Jomo Kogen: Hotel New Kamimoku
It was Saturday the 6th of Dec. when I discovered this onsen hotel and within seconds after discovering it I decided to go the very next morning – Sunday.
Normally, the quickest way I decide on where to stay would be on how good the quality of the onsen is. Here at the New Kamimoku it was the onsen that made me decide so quickly. The type of onsen water used here is called (ぼうしょう泉 or Boshyo-Izumi) sodium sulfate natural spring water and it’s chlorine free. This type of water is especially beneficial for sore muscles and general fatigue. Much of the water from this part of Japan is sodium sulfate rich, which I’m sure many skiers can appreciate for it’s curative effects on the body. On the day I took this picture, it was in the late evening, and I remember the air was crisp and very cold.
Jomo-Kogen is the type of place you go to in order to get away from the more touristy spots like the famous ski resort towns like Shiozawa and the more famous one called Echigo-Yuzawa, which many young Tokyoites flock to on the weekends. A lot of them are loud and raucous and have no manners at all. The only time I stop through Echigo-Yuzawa is when I’m eating at my favorite tempura shop across the way called Fukuan, or when I’m shopping for sake. This time around I did stop by Echigo-Yuzawa station to picked up two very good sake.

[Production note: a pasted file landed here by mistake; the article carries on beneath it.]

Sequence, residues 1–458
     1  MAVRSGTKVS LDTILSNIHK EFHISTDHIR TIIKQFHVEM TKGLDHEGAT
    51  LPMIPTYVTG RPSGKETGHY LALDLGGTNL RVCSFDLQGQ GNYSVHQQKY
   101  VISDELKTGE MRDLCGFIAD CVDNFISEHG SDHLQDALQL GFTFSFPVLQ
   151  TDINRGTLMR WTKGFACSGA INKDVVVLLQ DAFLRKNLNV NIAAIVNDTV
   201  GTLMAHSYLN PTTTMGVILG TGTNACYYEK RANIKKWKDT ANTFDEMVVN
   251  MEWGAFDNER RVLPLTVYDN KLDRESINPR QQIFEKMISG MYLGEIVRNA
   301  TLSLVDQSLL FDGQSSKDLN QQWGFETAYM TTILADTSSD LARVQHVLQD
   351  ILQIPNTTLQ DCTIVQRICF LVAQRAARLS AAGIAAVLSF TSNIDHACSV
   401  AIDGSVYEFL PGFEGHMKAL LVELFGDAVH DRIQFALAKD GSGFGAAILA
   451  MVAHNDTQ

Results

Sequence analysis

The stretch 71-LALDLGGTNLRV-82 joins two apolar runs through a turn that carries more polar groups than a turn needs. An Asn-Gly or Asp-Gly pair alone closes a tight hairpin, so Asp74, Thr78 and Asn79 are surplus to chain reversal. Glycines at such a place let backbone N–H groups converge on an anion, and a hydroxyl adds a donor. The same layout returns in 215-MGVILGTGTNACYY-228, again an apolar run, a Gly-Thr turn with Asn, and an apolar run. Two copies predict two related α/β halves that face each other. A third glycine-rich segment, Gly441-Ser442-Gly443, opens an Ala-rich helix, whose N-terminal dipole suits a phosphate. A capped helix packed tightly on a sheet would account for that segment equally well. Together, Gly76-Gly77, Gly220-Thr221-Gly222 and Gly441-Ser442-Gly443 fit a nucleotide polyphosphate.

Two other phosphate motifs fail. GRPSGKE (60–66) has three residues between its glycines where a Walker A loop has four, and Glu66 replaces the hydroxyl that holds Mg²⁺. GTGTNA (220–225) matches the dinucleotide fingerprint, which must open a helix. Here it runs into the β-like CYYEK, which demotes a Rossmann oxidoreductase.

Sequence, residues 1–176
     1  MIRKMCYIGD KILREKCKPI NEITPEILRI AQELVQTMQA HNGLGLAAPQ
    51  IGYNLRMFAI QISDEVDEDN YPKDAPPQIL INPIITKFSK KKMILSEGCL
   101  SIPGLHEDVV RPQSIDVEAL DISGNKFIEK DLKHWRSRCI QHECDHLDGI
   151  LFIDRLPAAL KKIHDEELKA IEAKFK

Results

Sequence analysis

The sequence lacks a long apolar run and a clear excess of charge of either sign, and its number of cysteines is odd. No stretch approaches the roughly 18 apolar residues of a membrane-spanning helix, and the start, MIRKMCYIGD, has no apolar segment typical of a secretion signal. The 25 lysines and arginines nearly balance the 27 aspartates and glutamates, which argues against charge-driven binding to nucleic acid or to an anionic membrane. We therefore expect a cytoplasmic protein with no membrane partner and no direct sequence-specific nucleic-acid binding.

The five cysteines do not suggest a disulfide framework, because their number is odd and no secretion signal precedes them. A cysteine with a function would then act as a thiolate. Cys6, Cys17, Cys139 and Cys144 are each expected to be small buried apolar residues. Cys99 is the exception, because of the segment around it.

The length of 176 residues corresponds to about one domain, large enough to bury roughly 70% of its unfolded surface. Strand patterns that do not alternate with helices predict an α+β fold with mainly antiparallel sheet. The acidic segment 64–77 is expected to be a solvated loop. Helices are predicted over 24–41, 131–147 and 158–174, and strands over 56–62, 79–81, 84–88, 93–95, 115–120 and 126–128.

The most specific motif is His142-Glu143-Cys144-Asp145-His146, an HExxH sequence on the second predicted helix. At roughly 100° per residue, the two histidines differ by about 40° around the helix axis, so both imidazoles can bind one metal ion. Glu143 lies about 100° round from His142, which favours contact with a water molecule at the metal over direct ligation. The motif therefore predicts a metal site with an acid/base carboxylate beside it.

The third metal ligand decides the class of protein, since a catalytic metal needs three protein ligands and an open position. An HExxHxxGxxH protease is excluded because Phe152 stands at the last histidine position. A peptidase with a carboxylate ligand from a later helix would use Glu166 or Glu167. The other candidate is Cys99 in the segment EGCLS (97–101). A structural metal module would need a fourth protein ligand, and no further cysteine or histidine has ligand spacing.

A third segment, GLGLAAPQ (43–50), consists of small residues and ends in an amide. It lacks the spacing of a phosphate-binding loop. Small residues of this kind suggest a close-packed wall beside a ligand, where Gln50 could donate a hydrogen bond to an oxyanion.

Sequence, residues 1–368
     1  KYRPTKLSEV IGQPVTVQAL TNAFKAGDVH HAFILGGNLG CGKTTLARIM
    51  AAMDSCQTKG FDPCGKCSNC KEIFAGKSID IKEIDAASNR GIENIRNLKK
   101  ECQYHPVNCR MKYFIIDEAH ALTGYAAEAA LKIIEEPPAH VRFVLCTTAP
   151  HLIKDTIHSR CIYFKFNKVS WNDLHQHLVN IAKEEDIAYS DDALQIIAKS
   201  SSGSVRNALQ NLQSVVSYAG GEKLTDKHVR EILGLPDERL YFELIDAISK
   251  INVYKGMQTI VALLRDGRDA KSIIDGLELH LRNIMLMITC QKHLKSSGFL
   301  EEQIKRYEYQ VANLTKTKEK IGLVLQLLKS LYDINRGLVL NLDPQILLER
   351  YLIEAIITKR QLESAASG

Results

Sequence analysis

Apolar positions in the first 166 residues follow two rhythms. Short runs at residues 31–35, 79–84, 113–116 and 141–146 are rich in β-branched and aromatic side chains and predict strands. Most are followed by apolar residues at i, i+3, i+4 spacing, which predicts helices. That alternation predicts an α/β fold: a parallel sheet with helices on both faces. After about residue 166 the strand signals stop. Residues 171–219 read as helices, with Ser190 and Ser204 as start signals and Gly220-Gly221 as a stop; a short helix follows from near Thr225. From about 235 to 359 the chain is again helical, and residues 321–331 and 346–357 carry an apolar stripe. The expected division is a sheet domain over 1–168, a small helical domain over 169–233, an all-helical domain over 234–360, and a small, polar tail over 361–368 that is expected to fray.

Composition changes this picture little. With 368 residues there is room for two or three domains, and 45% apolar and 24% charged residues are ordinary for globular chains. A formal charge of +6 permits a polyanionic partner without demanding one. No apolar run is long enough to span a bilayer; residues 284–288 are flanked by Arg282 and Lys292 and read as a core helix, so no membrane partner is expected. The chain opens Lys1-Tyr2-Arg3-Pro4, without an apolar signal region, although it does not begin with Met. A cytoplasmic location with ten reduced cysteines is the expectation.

A little about Jomo-Kogen(上毛高原駅), this town is situated on the boarder of Niigata in Gunma prefecture near Minakami. There’s nothing here. It’s a sparsely populated rural town on the outskirts of everything it seems. The buses are infrequent, about every hour or so one comes.
Taxis are hard to come by, too. You almost never see a taxi unless you are at the station. JR operates two rail lines here, the Shinkansen and the local Tokaido which connects via Takasaki. (N.B. You can save a little more money on your commute here via the Takasaki station). If you are using the shinkansen, only the limited express stops at Jomo-Kogen, not the express!
( This is the local line connecting Kamimoku Station via Takasaki. I didn’t ride this line. I rode the shinkansen [above pic] This orange and green train is a much cheaper route to take if you decide to come to this area).